By Carsten Kraus
With reports across the media that Google is about to transform its search engine by building in semantics, it seems that a technology that has been under the radar for some time will finally hit the mainstream. So this is the ideal time to consider what approach Google will be taking and compare it to other search solutions around.
Google’s aim is to endeavour to answer users’ questions rather than simply hunt down individual keywords, which it does at the moment. This will mean that Google searches will no longer simply throw up a list of blue links, instead, the top of the results page will be dotted with information that ‘answers questions’ posed in searches.
From the small amount of information currently available, it would appear that Google is not building ontologies that are classic semantics, but more aligned with ‘Bayesian inference’. This refers to a search function that analyses how keywords appear in relation to each other within search phrases. This would facilitate faster searches than classic semantics allow, which would make sense considering the vast number of queries Google receives.
For this approach to work effectively, it requires a large ‘universe’ of information to draw upon for each search topic. Google has amassed a huge body of data (around 200 million entities at the last count), which will help it deliver more accurate search results. However, the system’s performance level is likely to fall when searching within niche topics for which Google’s body of information is not so developed.
If Google’s new search technology is taking this approach, like many basic semantic systems it is likely to also find it difficult to interpret the vagaries and idiosyncrasies of language and phrasing that users employ. True semantic search uses an inference engine that analyses its own knowledge repository or ontology to try to understand the words and draw its own conclusions, rather than simply trying to match the words that have been typed in.
If someone was searching for ‘Beach Holiday around Christmas’, for example, the inference here would be that the destination they are looking for should be warm. This conclusion would be drawn from analysis of its ontology. However, you might want take a break in Scotland over New Year, and be able to take long walks on a nearby beach. In which case you might search: ‘Scotland New Year with beach’. A standard inference engine is likely to reject such a request, because it would associate the term ‘beach’ with someone looking for a warm holiday – and it is never going to be ‘warm’ in Scotland over New Year.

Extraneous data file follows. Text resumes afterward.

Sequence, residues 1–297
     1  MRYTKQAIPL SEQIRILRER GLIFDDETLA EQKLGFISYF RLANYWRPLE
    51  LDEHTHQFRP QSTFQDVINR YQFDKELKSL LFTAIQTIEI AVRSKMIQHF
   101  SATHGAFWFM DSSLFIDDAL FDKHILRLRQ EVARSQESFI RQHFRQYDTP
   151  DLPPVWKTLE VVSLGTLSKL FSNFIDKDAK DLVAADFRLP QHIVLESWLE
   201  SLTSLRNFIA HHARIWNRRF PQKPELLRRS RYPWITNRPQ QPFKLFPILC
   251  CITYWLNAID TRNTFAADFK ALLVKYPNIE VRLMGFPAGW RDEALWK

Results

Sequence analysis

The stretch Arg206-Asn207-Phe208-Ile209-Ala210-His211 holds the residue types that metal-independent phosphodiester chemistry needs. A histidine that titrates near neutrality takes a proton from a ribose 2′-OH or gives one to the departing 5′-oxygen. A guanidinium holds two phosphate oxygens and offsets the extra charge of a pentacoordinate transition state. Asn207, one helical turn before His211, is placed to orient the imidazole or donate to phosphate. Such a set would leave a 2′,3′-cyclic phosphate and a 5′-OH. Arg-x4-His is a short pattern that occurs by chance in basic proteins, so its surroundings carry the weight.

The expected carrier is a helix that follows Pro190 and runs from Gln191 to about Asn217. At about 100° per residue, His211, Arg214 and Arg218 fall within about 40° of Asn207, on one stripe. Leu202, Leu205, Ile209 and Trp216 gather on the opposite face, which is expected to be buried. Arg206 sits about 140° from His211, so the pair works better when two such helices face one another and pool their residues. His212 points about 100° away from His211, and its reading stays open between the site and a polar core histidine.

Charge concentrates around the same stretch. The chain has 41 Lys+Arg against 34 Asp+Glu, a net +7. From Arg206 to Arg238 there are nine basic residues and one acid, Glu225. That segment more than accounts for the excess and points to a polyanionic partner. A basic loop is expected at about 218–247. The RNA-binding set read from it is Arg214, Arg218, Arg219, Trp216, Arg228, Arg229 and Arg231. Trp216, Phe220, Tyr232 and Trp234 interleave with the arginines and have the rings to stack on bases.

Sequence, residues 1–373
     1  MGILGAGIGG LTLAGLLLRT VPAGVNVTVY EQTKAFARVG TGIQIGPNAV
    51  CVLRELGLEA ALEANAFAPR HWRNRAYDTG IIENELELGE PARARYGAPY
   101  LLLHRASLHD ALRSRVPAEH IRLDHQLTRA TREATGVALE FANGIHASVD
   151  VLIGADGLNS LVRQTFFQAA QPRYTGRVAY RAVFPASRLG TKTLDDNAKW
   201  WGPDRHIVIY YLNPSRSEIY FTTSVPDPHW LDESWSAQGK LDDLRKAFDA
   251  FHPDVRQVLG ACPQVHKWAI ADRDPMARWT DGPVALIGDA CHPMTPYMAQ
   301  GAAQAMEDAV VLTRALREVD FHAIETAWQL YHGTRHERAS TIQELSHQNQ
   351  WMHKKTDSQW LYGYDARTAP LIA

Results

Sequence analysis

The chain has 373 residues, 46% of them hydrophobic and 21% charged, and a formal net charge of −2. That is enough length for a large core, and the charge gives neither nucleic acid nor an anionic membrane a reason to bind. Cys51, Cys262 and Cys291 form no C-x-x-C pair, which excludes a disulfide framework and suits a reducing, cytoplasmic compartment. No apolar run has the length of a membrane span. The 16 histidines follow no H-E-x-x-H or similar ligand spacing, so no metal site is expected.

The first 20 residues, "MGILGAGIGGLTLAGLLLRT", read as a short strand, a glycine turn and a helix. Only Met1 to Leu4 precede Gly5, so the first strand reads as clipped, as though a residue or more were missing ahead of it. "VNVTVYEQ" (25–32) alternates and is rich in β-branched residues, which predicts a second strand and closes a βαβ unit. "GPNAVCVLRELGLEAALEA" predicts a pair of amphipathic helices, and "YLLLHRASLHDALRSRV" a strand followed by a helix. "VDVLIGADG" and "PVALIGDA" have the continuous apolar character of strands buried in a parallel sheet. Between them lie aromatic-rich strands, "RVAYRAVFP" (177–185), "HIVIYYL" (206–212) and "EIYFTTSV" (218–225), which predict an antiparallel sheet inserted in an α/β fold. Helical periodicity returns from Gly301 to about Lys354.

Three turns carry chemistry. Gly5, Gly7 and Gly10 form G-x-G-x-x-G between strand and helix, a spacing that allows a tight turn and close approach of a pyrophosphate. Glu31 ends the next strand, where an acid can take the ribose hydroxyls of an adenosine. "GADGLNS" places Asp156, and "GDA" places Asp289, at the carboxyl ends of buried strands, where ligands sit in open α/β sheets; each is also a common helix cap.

So although Google’s new search system should be a major improvement over its current keyword approach, users could face problems searching for more specialist topics that don’t feature prominently within its data universe, while searches featuring real-life ambiguities are also unlikely to generate good results. <>The first problem can be solved by using a specialist search engine, such as one that could be present on a travel or other niche website. This is likely to have a larger universe of information on the specific topic than Google delivering more accurate search results.
Handling the second issue, search ambiguities, requires a more intelligent system, such as the “probabilistic” inference engine we have developed, and which is used in the travel sector to answer the kind of search queries that I previously mentioned. This scores rather than judges information, combining semantics with the fuzzy logic approach. Essentially, it allows users to type in a query in their own words, which the engine then analyses and acts on due to its higher level of understanding.
Research has shown that on travel websites, as soon as consumers understand how the technology works and that they can really type in what they want, it takes them one third of the time to find the right product compared to conventional search. Understandably this has big implications for e-commerce both in the travel sector and beyond. Unfortunately, it’s unlikely Google will be able to deliver such a function across its platform just yet.
About the author
Carsten Kraus is chief executive of Europe’s leading online search and navigation specialist FACT-Finder. Based in Pforzheim, Paris and London, FACT-Finder’s clients include Harvey Nichols, Kurt Geiger and Swarovski.